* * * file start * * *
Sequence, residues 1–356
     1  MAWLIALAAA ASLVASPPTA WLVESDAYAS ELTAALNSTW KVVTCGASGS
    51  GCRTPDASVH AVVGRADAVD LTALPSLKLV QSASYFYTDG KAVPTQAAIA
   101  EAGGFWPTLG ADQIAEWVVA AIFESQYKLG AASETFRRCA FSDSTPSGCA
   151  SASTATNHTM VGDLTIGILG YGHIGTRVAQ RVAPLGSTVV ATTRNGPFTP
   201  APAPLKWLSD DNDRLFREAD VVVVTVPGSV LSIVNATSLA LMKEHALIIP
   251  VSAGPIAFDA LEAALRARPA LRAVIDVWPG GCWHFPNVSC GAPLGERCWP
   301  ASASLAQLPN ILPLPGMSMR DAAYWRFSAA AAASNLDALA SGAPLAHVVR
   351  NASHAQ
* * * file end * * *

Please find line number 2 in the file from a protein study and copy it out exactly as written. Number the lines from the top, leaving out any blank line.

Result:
     1  MAWLIALAAA ASLVASPPTA WLVESDAYAS ELTAALNSTW KVVTCGASGS